// Correct!
function makeAjaxCall() {
  $.ajax({
    url: 'ajax/test.html',
    success: function(data) {
      alert('Horray the AJAX call succeeded!');
    },
    error: function(xhr, error) {
      alert('Holy errors batman!');
    }
  });
}

The Nature of AJAX Calls

AJAX calls can be either Asynchronous or Synchronous. Asynchronous means that the browser will make the AJAX request and continue doing other things. Synchronous means the browser will stop what it's doing until the AJAX call completes. Here is an example of the differences in the two code wise:

// An asynchronous call
// This is the default
$.ajax({
  url: '/server.php',
  success: function(data) {
    alert('Horray the AJAX call succeeded!');
  },
  error: function(xhr, error) {
    alert('Holy errors batman!');
  }
});
// This will get called right away
myFunction();

Now for a synchronous call:

// A synchronous call
$.ajax({
  url: '/server.php',
  async: false, // set the property here
  success: function(data) {
    alert('Horray the AJAX call succeeded!');
  },
  error: function(xhr, error) {
    alert('Holy errors batman!');
  }
});
// This won't get called until the AJAX returns!
myFunction();

WARNING: Synchronous calls make it so the browser can't do anything until the browser completes the call. This could potential lock up the browser! Only use this if you REALLY KNOW WHAT YOU'RE DOING! 99% of the time you want asynchronous AJAX calls.

Note: Synchronous calls don't mean you can get out of not setting callback handlers. You still have to deal with the results using callbacks.

The Client->Server Communication Path

The AJAX Client Server Communication Path

This image illustrates how AJAX is used to communicate with a remote server. First the AJAX code interfaces with a browser object, which makes the actual call to the server. The server then processes the request and sends the result back to the browser, which then looks at the result of the call to determine if it needs to call the success handler, or the error handler. However, there is one issue that can prevent communication at all, which is commonly known as the same origin policy.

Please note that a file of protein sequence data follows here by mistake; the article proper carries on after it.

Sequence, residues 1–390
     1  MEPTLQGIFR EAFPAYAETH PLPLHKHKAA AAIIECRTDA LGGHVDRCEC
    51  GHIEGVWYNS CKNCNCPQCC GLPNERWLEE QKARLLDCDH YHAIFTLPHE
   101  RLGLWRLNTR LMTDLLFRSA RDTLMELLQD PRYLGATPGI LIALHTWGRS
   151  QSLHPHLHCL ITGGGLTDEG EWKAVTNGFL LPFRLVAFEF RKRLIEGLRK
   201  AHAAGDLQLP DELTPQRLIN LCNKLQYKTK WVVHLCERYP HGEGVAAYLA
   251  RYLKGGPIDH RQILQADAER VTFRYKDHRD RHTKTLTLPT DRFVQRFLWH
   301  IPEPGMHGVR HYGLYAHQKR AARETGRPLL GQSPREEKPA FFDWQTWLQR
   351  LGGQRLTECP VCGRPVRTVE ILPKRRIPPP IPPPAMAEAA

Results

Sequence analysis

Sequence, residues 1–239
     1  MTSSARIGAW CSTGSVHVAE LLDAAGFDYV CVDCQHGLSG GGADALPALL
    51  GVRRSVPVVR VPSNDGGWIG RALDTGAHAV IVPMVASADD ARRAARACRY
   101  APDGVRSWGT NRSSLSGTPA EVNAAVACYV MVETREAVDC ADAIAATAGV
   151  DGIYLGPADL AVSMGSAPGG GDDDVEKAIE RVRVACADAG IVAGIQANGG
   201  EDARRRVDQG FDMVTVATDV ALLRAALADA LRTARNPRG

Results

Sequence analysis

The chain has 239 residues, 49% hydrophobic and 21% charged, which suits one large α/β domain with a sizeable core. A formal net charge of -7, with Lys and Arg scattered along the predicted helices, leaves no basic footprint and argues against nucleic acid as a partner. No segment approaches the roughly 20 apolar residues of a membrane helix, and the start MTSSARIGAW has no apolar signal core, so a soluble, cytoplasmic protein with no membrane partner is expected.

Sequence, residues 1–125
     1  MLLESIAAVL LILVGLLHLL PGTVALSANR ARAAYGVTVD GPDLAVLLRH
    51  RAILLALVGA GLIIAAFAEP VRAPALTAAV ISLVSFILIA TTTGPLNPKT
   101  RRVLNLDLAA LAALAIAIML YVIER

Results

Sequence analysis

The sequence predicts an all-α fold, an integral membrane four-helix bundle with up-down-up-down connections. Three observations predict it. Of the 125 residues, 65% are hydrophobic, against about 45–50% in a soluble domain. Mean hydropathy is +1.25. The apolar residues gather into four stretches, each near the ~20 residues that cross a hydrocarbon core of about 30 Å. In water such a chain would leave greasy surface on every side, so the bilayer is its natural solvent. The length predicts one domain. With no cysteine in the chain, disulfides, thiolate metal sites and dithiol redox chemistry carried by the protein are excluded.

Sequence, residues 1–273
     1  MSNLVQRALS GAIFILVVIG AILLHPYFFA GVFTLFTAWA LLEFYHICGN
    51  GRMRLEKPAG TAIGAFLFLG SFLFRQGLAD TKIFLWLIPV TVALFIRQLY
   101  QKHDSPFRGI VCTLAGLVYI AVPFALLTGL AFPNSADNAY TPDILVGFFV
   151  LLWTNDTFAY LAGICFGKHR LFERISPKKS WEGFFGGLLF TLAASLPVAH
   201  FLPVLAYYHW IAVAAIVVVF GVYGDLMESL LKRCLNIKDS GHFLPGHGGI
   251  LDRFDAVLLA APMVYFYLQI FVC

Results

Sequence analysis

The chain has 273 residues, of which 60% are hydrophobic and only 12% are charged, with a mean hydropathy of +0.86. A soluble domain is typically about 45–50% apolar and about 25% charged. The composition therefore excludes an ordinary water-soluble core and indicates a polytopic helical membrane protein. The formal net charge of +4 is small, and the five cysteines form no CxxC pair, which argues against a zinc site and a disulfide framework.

Note From the perspective of the server, the AJAX call will look as if the client had made the request manually. That means the server can utilize things like sessions and other client specific data.

Same Origin Policy

The same origin policy basically means that if your AJAX call is from a page hosted on http://www.mysite.com, you can't make a call to http://www.othersite.com as illustrated here:

Same origin policy blocking a request

One way that you can get around this is through a proxy service. This is where you interface with a script on the same server, which in turn interfaces with the site you wish, through CURL calls for example. The following illustrates this proxy method in question:

Same origin proxy workaround

WARNING Note that the third party server will not see the request as coming from the client, but as coming from the server. Some servers frown upon the same IP making many calls to their servers. This could get you blocked, so verify that the site in question is okay with this setup.